As those outcomes indicate, the regional breakdown among Senate Republicans was similar to the House GOP pattern. The four most-liberal Senate Republicans—John H. Chafee of Rhode Island, Alfonse M. D’Amato of New York, Arlen Specter of Pennsylvania, and Jeffords—were all from the East. Of the six Republicans with perfect conservative scores, four were from the South: Lauch Faircloth of North Carolina, Tim Hutchinson of Arkansas, James M. Inhofe of Oklahoma, and Jeff Sessions of Alabama. The other two were John D. Ashcroft of Missouri and Robert C. Smith of New Hampshire. (D’Amato and Faircloth were defeated for re-election in November.)
In contrast to 1997, when three Easterners—Joseph R. Biden Jr. of Delaware, Joseph I. Lieberman of Connecticut, and Daniel Patrick Moynihan of New York—ranked among the five most- conservative Senate Democrats, 1998 was a return to form, with the four most-conservative Democrats all from the South. Topping that group was Ernest F. Hollings of South Carolina, who survived a vigorous re-election challenge. His composite score placed him at the center point of the Senate, along with Republicans Robert F. Bennett of Utah and Appropriations Committee Chairman Ted Stevens of Alaska.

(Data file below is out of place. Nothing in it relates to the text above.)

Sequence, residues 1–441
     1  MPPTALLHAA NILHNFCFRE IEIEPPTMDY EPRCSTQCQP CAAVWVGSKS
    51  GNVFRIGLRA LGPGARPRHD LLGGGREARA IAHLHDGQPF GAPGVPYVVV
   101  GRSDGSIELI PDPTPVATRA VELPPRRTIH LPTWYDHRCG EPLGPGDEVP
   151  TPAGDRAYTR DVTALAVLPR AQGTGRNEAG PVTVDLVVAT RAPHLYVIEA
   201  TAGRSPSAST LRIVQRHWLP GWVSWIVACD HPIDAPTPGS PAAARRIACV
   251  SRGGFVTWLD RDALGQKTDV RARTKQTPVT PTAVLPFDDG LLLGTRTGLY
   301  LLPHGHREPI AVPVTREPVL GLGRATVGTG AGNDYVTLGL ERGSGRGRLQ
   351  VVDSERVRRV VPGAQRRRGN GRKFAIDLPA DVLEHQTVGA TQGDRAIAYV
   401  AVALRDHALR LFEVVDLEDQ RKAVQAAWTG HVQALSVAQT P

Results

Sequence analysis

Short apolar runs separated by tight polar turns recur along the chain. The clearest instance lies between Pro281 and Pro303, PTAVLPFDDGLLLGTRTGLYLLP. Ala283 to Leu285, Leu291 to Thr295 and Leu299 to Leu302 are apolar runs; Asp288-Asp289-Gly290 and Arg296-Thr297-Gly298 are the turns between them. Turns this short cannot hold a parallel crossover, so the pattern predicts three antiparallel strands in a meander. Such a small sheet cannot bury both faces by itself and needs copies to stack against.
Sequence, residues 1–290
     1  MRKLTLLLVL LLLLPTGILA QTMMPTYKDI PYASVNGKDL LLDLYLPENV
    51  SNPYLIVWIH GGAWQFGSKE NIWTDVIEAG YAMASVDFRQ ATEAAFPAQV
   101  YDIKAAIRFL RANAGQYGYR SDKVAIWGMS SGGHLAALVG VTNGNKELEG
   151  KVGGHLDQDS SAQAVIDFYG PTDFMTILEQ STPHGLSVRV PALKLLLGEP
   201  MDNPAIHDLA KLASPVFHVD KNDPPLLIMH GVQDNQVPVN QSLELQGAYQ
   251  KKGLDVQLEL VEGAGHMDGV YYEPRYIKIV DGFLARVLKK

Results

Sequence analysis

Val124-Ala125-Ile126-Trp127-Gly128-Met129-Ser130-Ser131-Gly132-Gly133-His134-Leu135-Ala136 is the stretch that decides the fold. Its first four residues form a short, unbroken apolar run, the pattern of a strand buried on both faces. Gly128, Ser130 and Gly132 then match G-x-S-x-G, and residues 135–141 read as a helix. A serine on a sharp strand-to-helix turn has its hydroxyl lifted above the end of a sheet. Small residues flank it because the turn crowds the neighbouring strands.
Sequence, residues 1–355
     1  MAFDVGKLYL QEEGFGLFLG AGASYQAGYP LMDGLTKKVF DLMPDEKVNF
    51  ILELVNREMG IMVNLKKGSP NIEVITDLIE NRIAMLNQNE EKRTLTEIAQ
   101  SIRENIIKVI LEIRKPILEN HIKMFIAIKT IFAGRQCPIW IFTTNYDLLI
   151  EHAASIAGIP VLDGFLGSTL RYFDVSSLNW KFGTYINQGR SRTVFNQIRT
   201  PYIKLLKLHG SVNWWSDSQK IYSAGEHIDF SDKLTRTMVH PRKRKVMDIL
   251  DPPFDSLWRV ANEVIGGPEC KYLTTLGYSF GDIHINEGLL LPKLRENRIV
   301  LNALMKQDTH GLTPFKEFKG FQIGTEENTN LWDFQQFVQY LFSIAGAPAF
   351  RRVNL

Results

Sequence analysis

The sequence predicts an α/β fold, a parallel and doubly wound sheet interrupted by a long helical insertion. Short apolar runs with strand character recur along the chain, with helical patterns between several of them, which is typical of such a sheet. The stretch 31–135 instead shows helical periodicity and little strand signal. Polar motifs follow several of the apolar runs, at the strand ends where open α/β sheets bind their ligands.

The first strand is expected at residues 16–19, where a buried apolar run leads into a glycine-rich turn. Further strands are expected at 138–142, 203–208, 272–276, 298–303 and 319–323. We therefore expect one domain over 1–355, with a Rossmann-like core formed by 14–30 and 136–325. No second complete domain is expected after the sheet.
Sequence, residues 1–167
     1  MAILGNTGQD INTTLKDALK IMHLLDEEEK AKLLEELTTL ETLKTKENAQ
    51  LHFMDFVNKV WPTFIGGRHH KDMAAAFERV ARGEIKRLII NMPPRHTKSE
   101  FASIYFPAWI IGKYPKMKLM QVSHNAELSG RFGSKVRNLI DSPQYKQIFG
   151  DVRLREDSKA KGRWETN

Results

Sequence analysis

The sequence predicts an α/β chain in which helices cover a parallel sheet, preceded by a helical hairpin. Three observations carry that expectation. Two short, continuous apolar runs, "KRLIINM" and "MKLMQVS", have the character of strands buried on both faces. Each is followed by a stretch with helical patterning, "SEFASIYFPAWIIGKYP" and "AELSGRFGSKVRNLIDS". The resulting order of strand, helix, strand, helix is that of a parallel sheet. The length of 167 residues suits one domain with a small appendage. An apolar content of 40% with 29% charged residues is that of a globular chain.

The Senate ratings also show some notable trends among party leaders. While Lott and Majority Whip Don Nickles of Oklahoma continue to rank among the most-conservative Republicans, GOP Conference Chairman Connie Mack III of Florida has moved markedly toward the political center. Among Democrats, the new Minority Whip, Harry M. Reid of Nevada, was among the most-conservative Democrats, as was the retired Wendell H. Ford of Kentucky, whom Reid replaced in that leadership post.
If and when Congress takes up serious legislative business this year, those Senate centrists and their House counterparts could play important roles, both in smoothing their own parties’ rough edges and in reaching across the aisle. For now, at least, those prospective consensus builders face formidable challenges.